OPIOID SERIES:

State Dept still won’t allow US citizens born in Jerusalem to record Israel as place of birth

State Dept still won’t allow US citizens born in Jerusalem to record Israel as place of birth
© Getty Images

Americans born in Jerusalem will still not be able to list "Israel" as their birthplace on passports despite President TrumpDonald John TrumpHouse Dems add five candidates to ‘Red to Blue’ program White House notifies Russia that no new sanctions are coming: report Senators push HHS to negotiate lower prices on opioid overdose reversal drug MORE's move to recognize the city as the Israeli capital. 

“At this time, there are no changes to our current practices regarding place of birth on Consular Reports of Birth Abroad and U.S. Passports,” the State Department told The Associated Press on Thursday. 

ADVERTISEMENT
The department policy currently states that American citizens born in Jerusalem can only list the city on their passport as opposed to listing Israel as well, according to the AP.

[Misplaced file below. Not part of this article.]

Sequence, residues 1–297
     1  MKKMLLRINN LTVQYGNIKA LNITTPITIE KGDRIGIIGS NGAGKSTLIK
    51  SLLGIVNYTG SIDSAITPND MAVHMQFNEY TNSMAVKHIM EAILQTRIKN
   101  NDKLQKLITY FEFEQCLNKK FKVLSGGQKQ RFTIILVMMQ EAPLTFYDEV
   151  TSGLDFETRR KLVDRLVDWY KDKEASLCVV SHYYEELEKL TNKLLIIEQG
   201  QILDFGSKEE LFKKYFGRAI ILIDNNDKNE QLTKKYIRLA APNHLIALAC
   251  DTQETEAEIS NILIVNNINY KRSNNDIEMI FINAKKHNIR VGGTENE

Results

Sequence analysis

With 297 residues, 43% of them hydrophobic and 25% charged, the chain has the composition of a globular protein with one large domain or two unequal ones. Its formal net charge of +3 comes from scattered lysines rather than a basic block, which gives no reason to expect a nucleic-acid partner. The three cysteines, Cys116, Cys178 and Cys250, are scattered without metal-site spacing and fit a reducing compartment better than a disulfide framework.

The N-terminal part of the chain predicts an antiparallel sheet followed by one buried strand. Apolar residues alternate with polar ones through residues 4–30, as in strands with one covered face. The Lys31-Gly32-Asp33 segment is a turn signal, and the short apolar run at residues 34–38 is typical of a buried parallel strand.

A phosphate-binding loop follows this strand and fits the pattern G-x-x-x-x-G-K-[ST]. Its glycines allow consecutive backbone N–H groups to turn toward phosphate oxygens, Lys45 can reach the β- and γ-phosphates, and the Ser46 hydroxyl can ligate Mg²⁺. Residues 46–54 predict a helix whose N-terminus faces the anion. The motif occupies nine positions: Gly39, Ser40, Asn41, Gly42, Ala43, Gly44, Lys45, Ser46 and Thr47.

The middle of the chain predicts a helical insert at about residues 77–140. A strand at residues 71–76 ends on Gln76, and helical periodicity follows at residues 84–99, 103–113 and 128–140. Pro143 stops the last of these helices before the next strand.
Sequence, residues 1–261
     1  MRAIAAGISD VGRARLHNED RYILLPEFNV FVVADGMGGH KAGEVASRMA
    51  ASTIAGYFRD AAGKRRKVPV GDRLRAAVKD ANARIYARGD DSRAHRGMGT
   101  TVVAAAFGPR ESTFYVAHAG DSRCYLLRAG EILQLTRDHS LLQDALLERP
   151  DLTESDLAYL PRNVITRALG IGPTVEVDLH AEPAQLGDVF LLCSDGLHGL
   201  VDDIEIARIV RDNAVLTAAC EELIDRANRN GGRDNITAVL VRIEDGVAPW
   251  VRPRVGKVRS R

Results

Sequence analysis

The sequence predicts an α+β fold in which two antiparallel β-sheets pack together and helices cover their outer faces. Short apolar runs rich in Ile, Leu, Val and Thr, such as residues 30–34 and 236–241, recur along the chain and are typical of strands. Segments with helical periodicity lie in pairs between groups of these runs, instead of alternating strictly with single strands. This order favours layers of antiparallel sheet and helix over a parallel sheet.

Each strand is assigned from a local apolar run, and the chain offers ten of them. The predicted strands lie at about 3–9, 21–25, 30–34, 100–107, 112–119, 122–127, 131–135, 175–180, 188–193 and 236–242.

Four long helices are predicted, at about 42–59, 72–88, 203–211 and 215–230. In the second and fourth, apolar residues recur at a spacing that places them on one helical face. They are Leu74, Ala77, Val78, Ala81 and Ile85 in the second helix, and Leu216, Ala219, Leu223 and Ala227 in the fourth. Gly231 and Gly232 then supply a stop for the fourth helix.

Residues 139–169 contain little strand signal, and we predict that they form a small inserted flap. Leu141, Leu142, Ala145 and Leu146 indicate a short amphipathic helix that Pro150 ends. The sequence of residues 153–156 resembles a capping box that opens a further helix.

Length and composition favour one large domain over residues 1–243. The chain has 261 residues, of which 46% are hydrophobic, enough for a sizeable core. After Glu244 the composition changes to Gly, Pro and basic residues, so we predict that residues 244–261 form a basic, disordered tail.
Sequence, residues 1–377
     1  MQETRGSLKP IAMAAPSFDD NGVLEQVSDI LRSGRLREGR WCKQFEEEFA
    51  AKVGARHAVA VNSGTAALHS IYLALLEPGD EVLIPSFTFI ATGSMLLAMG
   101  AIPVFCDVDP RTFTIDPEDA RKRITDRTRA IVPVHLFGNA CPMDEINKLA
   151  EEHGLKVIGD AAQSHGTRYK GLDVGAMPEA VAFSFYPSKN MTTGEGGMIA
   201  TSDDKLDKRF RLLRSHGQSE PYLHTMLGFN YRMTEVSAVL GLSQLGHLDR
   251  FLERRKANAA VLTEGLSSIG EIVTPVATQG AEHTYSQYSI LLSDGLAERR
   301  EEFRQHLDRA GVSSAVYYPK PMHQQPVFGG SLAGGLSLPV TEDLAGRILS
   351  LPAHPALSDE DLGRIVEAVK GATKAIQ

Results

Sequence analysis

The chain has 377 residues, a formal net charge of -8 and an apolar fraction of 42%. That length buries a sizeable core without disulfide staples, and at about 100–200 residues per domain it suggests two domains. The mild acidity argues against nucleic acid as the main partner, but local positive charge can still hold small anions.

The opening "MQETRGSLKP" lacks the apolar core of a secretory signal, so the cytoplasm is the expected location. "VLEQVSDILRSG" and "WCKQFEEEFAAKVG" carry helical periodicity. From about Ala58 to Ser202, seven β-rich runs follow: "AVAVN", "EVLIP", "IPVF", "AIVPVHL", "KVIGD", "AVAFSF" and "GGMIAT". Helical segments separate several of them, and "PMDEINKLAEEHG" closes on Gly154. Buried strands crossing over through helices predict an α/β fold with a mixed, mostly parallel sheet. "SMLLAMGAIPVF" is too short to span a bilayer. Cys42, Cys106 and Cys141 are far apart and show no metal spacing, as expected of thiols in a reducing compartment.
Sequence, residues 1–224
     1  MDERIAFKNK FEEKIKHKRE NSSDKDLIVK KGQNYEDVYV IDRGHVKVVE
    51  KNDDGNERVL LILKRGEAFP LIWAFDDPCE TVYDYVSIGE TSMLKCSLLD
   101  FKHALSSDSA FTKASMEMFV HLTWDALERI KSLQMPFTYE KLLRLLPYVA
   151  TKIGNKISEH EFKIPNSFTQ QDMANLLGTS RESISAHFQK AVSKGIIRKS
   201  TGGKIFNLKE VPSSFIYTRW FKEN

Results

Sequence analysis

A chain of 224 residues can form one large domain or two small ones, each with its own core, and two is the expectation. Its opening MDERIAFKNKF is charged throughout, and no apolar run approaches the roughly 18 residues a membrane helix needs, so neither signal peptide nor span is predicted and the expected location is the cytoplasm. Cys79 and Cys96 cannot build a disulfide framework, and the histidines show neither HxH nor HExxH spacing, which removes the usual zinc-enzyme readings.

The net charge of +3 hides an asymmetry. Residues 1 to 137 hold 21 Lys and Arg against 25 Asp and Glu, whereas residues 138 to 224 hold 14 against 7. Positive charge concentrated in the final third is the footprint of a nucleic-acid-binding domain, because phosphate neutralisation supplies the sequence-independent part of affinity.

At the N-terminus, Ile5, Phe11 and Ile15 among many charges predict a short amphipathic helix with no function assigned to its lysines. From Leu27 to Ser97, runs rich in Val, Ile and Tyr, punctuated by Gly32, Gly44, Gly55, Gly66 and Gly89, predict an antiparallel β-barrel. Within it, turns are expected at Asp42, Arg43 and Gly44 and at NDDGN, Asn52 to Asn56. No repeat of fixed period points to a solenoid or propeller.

American citizens born in Jerusalem prior to 1948 are able to list Palestine as the place of their birth.

Israel was officially established as a Jewish state in 1948. 

The president on Wednesday announced that the U.S. would recognize Jerusalem as the capital of Israel, along with plans to relocate the U.S. Embassy from Tel Aviv to the holy city. 

The move has sparked backlash from Arabs and Palestinians, who have long hoped to claim Jerusalem as the capital of a future Palestinian state. 

Trump's move is a departure from the common consensus held by the international community, whose embassies have been historically based in Tel Aviv.